Star Wars: The Force Awakens opens in theaters this Friday, marking the first Star Wars film to open during the holiday season. However, it won’t be the first piece of Star Wars history to be associated with the holidays. The Star Wars Holiday Special infamously aired in 1978, the year after the original Star Wars film came out. Though George Lucas provided the outline for the story, he had little involvement with the development of the TV special. Unfortunately, the Holiday Special was a massive failure, and considered one of the most infamous blunders in television history.
George Lucas himself said of the Star Wars Holiday Special, “If I had the time and a sledgehammer, I would track down every copy of that show and smash it.” The special was only broadcast once on November 17, 1978. After that, Lucas prevented the show from ever airing again. It has not been released in any format since, and can only be found through bootleg copies, though these poor-quality copies of the Holiday Special have been digitized and uploaded to the Internet where you can watch it today.
The Holiday Special followed a common trend of the ’70s and ’80s by acting as a frame story for a variety show of some kind. The special contained multiple performances from singers, bands, and comedians of the day. But what would such a holiday special look like if based on The Force Awakens? That is the question that Funny or Die tried to answer with a “hypothetical” holiday special for Star Wars: The Force Awakens, which you can watch above.
The hypothetical holiday special stars Jason Alexander, Lydia Hearst, and others, but also (like the original) features musical groups. In this case, the hypothetical holiday special features Train. The new special follows a similar structure as the original, though much more condensed. However, despite the dramatic difference in screen time, the hypothetical holiday special still manages to tell a very similar story.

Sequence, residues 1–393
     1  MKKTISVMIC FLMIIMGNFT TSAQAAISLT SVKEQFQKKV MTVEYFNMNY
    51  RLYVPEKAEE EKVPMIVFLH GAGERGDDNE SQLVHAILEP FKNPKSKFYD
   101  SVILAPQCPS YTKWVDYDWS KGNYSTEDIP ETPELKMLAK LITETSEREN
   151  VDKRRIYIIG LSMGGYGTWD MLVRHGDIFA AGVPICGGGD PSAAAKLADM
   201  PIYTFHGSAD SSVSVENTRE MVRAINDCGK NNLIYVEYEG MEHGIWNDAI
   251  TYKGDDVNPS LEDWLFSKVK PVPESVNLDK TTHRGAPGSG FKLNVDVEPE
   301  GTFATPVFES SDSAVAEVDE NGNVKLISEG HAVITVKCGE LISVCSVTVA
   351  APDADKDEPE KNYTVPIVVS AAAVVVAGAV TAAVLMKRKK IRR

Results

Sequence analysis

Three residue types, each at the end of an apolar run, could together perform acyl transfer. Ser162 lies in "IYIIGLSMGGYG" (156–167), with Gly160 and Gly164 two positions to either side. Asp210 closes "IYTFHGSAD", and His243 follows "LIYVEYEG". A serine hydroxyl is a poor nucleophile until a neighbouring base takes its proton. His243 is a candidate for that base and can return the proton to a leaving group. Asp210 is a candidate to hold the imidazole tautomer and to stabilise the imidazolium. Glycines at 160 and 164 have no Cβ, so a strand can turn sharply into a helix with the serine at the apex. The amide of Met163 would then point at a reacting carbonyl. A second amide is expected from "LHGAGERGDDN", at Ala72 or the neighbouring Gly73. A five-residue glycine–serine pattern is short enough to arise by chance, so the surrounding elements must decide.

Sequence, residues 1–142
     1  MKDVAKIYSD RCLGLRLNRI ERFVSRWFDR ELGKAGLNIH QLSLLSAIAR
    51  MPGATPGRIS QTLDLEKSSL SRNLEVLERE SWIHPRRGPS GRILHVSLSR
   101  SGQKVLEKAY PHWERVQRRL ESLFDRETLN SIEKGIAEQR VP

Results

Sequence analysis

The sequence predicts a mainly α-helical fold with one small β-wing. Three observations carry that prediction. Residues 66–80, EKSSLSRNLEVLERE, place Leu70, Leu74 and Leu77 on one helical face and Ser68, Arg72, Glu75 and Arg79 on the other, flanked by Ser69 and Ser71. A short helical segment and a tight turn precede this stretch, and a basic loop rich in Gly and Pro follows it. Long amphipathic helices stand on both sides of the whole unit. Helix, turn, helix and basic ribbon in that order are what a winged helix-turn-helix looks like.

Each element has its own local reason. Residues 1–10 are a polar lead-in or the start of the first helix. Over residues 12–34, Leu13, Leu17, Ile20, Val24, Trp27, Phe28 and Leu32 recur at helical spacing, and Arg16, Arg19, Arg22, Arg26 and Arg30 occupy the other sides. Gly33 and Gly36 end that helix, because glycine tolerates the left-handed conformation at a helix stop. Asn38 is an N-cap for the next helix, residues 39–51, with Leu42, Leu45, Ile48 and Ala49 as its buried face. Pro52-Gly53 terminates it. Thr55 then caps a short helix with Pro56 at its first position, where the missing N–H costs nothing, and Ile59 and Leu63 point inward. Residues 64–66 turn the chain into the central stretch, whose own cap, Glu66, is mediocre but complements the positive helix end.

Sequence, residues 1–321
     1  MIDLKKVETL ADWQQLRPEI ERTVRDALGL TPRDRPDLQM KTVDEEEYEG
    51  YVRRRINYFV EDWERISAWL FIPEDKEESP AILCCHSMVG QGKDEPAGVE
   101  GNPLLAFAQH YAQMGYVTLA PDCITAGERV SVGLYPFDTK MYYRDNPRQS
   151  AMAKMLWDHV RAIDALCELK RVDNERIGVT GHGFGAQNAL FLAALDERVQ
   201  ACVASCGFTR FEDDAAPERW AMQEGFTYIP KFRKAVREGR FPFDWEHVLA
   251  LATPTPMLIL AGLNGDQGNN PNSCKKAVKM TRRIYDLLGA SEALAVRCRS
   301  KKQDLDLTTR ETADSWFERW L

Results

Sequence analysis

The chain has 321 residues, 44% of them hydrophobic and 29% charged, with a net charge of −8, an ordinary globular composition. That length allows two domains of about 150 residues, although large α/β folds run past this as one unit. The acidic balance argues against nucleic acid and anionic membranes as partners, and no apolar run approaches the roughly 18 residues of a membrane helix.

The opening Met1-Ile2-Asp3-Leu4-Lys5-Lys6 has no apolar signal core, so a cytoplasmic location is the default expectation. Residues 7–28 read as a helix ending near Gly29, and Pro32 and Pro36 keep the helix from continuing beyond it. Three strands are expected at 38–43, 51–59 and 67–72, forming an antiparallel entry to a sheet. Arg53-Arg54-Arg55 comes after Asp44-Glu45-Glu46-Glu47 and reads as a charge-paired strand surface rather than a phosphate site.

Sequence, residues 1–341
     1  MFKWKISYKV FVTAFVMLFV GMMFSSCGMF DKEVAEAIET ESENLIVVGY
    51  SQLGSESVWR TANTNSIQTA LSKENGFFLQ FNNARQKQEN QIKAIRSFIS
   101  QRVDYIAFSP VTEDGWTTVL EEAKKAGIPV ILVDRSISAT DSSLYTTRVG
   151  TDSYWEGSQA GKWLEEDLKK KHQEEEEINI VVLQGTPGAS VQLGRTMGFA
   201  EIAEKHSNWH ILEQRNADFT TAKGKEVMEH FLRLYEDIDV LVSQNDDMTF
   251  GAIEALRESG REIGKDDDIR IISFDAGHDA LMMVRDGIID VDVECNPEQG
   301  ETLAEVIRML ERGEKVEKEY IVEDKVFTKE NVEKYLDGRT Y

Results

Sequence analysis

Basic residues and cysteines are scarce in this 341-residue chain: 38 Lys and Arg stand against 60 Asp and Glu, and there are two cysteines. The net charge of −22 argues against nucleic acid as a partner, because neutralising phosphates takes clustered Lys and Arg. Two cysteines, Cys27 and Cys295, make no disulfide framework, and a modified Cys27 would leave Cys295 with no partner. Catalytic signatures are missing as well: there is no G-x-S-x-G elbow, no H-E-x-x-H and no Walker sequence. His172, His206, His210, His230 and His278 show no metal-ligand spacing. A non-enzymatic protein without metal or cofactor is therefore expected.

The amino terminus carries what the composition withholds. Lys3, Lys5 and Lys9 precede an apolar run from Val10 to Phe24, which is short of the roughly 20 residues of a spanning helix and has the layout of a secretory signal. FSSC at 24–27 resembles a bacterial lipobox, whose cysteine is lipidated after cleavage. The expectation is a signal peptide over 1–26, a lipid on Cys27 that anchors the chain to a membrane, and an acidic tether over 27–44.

Each of the specials contain many similar story elements. The original tells the story of Life Day, a tradition held by Chewbacca and his family. The hypothetical tells the story of Droid Day, a tradition held by BB-8 and his family. Jason Alexander plays a similar role to Art Carney from the original. Both feature cartoon segments. The original featured musical performances from bands like Jefferson Starship, while Train provides a song for the hypothetical version. Both follow a similar, cameo-filled structure with incredibly loose ties to the actual Star Wars films.
The original Holiday Special was so bad that we ranked it as the weirdest Star Wars story out there, but Funny or Die has managed to produce something that is both familiar to those who have seen the original Holiday Special, and also comedic by today’s standards. This new special also makes a lot of clever jokes surrounding current Star Wars culture and the Star Wars: The Force Awakens buzz (such as the Tatooine/Jakku reference, since many still confuse the two desert planets). Overall, it’s definitely worth checking out.
Star Wars: Episode VII – The Force Awakens hits theaters on December 18th, 2015, followed by Rogue One: A Star Wars Story on December 16th, 2016, Star Wars: Episode VIII on May 26th, 2017, and the Han Solo Star Wars Anthology film on May 25th, 2018. Star Wars: Episode IX is expected to reach theaters in 2019, followed by the third Star Wars Anthology film in 2020.
Source: Funny or Die